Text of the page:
Supreme Court reaffirms abortion rights
June 27 was an historical day for women’s rights. The Supreme Court of the United States overturned the Texas law HB-2 which was obviously designed to close abortion clinics in that state. The decision was the most important Supreme Court decision regarding a women’s right to a safe abortion since Roe vs. Wade.
Three years ago, after an 11 hour mini-filibuster by Texas Legislator Wendy Davis which was widely publicized, HB-2 was passed by the Texas state legislature. It was signed into law by Texas Gov. Rick Perry who gleefully acknowledged it was a model for other states.
The law HB-2 forced many clinics providing abortions to close by placing undue and unnecessary requirements upon all abortion clinics. They said the law was necessary to protect the health of a woman. It was interesting that under questioning by the Supreme Court Justices, Texas’s lawyers could not find a singe incidence where a women’s health had actually been threatened in the clinics they would force to be closed.
More than 20 states followed Texas’s example and have passed similar laws. They now find themselves at odds with the Supreme Court. It will be interesting to see what they do.
The decision was a victory for Amy Hagstrom Miller, the founder and CEO of Whole Women’s Health in McAllen, Texas, The case was Women’s Whole Health vs. Hellderstadt which challenged the Texas law. Miller took the case all the way to the Supreme Court. Now, after three years since HB-2 became law, and the closing more than 30 out of 44 women’s clinics across the state of Texas, Miller has won. The Court found in her favor by a 5-3 margin.
Said Hillary Clinton, “The decision is a victory for Texas and across America. Safe abortions should be a right–not just on paper but in reality.” GOP presumptive presidential candidate Donald Trump said nothing.
The Justices were not very kind to the state of Texas’s arguments for passing the law. Justice Steven Breyer said, “In the face of no threat to women’s health Texas seeks to force woman to travel long distances to get an abortion in crammed — to — capacity super-facilities.” Breyer went on, “Nationwide childbirth is 14 times more likely than abortions to result in death, but Texas’s law allows a midwife to oversee childbirth in the patient’s own home. Colonoscopy, a procedure that typically takes place outside a hospital (or surgical center) setting, has a mortality rate 10 times higher than abortion.”
In the Opinions of the Justices they made it clear that Texas was involved in perpetrating a fraud upon the people of Texas.
Ruth Bader Ginsburg wrote a separate Opinion from the majority, because she wanted to make sure the ruling by the Court would set a precedent in any future challenges to a women’s right to a safe abortion. Said Ginsburg. “Laws like HB-2 do little or nothing for health but rather strew impediments to abortions.” She slammed the proponents of HB-2 for thinking Texans or the rest of us could be so ignorant as to believe their lies. She said. ‘It is beyond rational belief that HB-2 could genuinely protect the health of a woman.” She said much more, including, “women in desperate circumstances may resort to unlicensed rogue practitioners — at great risk to their health and safety.”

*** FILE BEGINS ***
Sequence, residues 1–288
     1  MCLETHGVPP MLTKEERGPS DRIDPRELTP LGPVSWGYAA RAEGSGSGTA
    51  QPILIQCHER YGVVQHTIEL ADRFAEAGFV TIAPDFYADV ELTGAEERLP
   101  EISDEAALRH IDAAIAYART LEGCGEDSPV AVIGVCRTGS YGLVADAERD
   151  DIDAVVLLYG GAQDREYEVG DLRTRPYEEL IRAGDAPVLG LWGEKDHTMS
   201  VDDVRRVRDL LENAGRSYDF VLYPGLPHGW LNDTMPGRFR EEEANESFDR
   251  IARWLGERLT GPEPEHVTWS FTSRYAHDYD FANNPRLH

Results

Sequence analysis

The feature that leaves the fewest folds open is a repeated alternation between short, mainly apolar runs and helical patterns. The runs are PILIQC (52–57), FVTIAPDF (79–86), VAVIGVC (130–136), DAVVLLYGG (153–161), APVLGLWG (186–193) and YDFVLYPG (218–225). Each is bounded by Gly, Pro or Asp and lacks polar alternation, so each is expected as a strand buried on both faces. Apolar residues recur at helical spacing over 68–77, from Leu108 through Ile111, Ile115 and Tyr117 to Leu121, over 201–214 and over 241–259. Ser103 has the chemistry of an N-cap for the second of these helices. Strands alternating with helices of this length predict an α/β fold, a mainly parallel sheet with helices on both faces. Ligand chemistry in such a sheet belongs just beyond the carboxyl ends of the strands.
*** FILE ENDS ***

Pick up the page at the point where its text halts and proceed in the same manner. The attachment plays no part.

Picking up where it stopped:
Wendy Davis has been vindicated. Many of the findings of the Court had been argued by her during her 11 hours before the Texas Legislature.
Also on June 27, the Supreme Court vacated the bribery conviction of former Gov. Bob McDonnell of Virginia, unanimously. The Court found that simply taking money and gifts, in McDonnell’s case upwards of $175,000, and even if the state can show the actions of an elected official benefited the giver, that is not enough to sustain a bribery conviction. The State of Virginia failed to prove that there was a quid pro quo agreement between McDonnell and Jonnie Williams.
What we need is a law which would prohibit gift and money taking altogether by governors, legislators, state senators or anyone employed by the state, from anyone who may be impacted by the actions of the state government. I would suggest that any amount over $200 is a misdemeanor and any amount over $1,000 a felony for every $1000.00 received. A similar federal law would also be a good idea. Campaign contributions would be exempt according to current law.
The laws against bribery allow for discriminatory prosecution based on little evidence, depending on political party. The Supreme Court was right.
Glen McAdoo, a Fallon resident, can be contacted at firstname.lastname@example.org.